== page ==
Atlantis: The Lost Empire
One of those Disney animations (the 41st) I felt no great urgency to see. I’m all for them trying something different – I didn’t much care for most of their feted ’90s resurgence – but attempting an animated take on a storyline that would surely have been better suited to live-action (“ATLANTIS – Fewer songs, more explosions” read the crew t-shirts) probably wasn’t the way to go. This and Treasure Planet helped put the nail in the studio’s cell-animation coffin, just as Pixar was doing no wrong (and selling adrenochrome/ loosh addiction to a generation of kids). Unlike the previous experimental Disney – the troubled Emperor’s New Groove – Atlantis: The Lost Empire is a bit of a stiff, neither especially inventive visually nor in terms of plotting. But then, Atlantis does generally seem to get a bit of a bum movie deal.
It seems directors Gary Trousdale and Kirk Wise – Beauty and the Beast, The Hunchback of Notre Dame; this rather blotted their copybook – played fast and loose in their approach to the subject. They were inspired to attempt a Raiders of the Lost Ark-type picture but stinted on the due diligence, much of which came via the Internet. Heading the picture with a Plato quote is all well and good, and dropping in a Book of Job reference to “leviathan” somewhat arbitrary but fine, but there’s otherwise zero sense of literary acumen.
I feel sure Edgar Cayce must have been skimmed over at some point, hence the suggestion of crystal-based technology and its misuse bringing destruction raining down on the Atlanteans; it seems the makers of anime Nadia: The Secret of Blue Water felt there was outright plagiarism involved. One of the cited reasons is that, in contrast to the mutually suggested Jules Verne as a source, only Nadia has crystal tech. However, if it’s the anime makers’ contention that they plucked their conceit out of thin air, they don’t have a leg to stand on.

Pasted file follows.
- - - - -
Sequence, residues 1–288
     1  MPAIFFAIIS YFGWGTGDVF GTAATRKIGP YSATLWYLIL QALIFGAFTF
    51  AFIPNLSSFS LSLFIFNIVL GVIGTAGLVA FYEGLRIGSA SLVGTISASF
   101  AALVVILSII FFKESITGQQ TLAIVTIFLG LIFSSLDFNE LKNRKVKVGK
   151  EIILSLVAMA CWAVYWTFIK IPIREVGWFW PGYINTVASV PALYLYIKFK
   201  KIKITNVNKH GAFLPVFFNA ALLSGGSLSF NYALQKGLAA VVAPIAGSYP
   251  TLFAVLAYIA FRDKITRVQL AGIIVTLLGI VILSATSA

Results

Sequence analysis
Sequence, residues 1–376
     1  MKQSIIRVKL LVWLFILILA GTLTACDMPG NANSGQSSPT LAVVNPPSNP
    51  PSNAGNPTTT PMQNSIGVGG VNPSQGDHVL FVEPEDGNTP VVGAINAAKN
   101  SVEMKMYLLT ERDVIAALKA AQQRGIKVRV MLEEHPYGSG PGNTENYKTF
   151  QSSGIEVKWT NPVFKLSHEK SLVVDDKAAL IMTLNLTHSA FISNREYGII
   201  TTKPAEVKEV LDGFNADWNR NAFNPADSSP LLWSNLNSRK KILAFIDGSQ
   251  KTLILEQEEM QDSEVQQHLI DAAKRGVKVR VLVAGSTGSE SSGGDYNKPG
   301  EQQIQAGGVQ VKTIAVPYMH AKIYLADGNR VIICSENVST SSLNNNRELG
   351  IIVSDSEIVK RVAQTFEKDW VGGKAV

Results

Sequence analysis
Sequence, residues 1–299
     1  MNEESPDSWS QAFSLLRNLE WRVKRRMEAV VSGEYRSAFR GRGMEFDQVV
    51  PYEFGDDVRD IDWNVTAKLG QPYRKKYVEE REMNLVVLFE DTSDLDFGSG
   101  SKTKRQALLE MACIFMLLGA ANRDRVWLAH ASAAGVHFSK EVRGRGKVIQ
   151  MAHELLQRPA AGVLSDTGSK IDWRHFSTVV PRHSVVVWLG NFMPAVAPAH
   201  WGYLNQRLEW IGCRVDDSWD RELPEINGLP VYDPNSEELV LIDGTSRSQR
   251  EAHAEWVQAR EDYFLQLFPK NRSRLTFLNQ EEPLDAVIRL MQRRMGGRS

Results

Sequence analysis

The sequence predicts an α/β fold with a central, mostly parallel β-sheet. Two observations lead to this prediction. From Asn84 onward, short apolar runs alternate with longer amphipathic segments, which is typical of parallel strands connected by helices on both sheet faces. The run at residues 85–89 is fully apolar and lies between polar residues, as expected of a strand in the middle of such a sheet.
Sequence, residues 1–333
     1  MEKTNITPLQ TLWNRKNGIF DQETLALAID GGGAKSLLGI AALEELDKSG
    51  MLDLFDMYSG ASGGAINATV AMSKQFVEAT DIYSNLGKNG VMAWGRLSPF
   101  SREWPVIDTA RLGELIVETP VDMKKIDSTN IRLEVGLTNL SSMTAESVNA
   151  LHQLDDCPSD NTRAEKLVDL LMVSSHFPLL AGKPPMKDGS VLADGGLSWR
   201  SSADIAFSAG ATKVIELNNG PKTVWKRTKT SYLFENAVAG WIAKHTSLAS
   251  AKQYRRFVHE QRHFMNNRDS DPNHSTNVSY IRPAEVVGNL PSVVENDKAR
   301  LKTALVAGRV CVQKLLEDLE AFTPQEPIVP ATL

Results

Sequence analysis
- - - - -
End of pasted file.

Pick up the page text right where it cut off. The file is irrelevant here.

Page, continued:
Of course, if Cayce was being used, the actual plundering seems like slim pickings. Yes, there’s a great crystal as a power source, and there are flying ships. And the misuse of the crystal technology leads to Atlantis’ destruction (“In my arrogance, I chose to use it as a weapon of war”). And Atlantis thrived in prehistory (“10,000 years before the Egyptians built the pyramids” suggests Milo; the movie itself has destruction occurring almost 9,000 years ago).
However, the crystal developing its own consciousness, merging with humans (of royal blood) and promoting longevity is all Disney (or perhaps akin to the anime), some of it suggestive of a kind of crystal-tech transhumanism in tone. Aspects also appear ill thought out; love interest Kida (Cree Summer) being thousands of years old is rather daft, mainly because it’s dealt with in a single line of dialogue and appears to have no ramifications or importance whatsoever with regard to her relationship with doofus hero Milo (Michael J Fox).